On Nov. 10 and 11, Christie’s will sell highlights of the art collection of the late Hollywood actor, director and photographer Dennis Hopper. Of particularly interest to Tinseltown, and probably way beyond it, is director and artist Julian Schnabel’s 1999 portrait of his friend Hopper in the artist’s trademark cracked plates. Standing more than 6 feet high, it’s estimated, conservatively, to bring $100,000 to $150,000.
Christie’s can’t be accused of underselling the Hopper collection. In a marketing video for the actor’s 100-plus-item trove of Warhols, Basquiats, etc., Christie’s Marc Porter, chairman of its Americas operations, dubs him “one of the most influential figures in American visual culture of the American 20th century.” And in an interview, he noted that art meant something different in Dennis Hopper’s collection than in anyone else’s in the world.
We’ll leave it to movie critics to judge the relative place in history of Hopper’s performances in Apocalypse Now, Blue Velvet and even Speed (Hopper was the mad bomber). What is certain is that the actor and director was beloved in the art world. A frequent donor of his photography, and his celebrity, to charity auctions, he was gracious, chatty, and prescient in his art choices. He bought a Warhol soup can 40 years ago for less than $100; Andy repaid that early support with an iconic portrait of him in a cowboy hat, also to be sold this week. Hopper died earlier this spring, at the age of 74, of prostate cancer.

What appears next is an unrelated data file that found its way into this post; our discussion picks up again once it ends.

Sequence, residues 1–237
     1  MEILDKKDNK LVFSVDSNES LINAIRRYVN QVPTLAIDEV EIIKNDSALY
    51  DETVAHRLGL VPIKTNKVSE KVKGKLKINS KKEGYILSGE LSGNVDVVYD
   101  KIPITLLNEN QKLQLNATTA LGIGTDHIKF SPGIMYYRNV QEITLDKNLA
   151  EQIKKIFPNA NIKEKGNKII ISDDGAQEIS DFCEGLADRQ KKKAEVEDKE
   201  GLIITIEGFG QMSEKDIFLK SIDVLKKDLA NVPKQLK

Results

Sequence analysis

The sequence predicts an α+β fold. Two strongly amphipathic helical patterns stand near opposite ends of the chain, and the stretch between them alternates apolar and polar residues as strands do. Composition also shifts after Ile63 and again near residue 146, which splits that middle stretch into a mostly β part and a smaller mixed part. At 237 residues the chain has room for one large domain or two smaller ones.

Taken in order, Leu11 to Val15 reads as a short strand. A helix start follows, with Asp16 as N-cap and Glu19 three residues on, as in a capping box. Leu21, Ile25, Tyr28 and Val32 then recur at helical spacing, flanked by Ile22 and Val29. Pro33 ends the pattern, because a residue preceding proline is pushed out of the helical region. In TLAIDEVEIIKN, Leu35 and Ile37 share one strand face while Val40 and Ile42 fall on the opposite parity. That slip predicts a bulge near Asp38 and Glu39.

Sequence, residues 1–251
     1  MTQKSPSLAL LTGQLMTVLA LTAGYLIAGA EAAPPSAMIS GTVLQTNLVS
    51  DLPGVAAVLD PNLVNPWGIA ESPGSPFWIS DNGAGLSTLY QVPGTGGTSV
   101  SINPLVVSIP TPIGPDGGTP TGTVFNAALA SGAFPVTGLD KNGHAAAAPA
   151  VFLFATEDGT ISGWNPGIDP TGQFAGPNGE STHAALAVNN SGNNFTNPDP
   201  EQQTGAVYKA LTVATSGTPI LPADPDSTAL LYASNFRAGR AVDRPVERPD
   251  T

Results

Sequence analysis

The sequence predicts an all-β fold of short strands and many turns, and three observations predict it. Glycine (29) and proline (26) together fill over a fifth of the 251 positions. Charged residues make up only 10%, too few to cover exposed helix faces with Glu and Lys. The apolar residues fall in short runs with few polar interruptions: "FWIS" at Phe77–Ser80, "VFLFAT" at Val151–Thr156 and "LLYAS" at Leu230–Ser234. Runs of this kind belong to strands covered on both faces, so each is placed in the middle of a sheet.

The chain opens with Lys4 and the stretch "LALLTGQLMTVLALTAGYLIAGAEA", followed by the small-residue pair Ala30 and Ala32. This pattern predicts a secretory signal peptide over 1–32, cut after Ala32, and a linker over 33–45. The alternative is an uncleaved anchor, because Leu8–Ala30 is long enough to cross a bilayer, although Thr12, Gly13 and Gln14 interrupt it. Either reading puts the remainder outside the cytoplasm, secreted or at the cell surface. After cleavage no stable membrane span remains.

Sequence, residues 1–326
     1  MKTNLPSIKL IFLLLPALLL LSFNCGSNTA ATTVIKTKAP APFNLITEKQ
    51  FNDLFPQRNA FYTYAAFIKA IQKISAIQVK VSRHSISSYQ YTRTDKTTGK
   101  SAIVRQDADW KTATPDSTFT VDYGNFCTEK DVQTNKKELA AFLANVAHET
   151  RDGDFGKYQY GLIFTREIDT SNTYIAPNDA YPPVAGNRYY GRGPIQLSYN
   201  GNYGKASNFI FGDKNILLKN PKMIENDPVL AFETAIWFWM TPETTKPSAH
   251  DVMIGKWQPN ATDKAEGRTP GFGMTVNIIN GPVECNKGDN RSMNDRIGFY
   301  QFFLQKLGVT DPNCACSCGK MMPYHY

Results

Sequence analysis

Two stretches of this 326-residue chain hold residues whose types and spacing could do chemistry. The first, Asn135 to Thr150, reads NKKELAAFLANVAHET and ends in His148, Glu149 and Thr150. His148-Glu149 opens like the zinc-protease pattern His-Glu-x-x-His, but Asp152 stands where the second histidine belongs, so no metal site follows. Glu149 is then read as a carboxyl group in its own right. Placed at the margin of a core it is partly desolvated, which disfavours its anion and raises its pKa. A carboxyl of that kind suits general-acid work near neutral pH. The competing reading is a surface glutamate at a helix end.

In the months since, his estate has become embroiled in a legal battle with his last wife, whom Hopper’s lawyers accuse, in court papers filed in Los Angeles Superior Court, of stealing art. (Hopper had five wives, including Brooke Hayward and Michelle Phillips.) He’s also had a retrospective devoted to him at the Los Angeles Museum of Contemporary Art, curated by Mr. Schnabel,
A New York love story, the two men met at a Keith Haring after-party at Indochine. (In July, Mr. Schnabel told the L.A. Times that Hopper was key to the artist making his first film, Basquiat, because after he had signed on to take a small role, it became easier to get other actors.) Mr. Schnabel has since gone on to Oscar nomination for The Diving Bell and the Butterfly. He moved into film as his art, albeit briefly, went out of fashion, a trajectory Mr. Hopper reversed.
At its current price quote, the Hopper portrait is within the range, though at the low end, of similar cracked-plate Schnabels from the same period and of the same size. But there’s a West Coast rumor going around that Jack Nicholson, a friend to Hopper and a noted art collector, is interested. So the painting may not be out of Hollywood for long.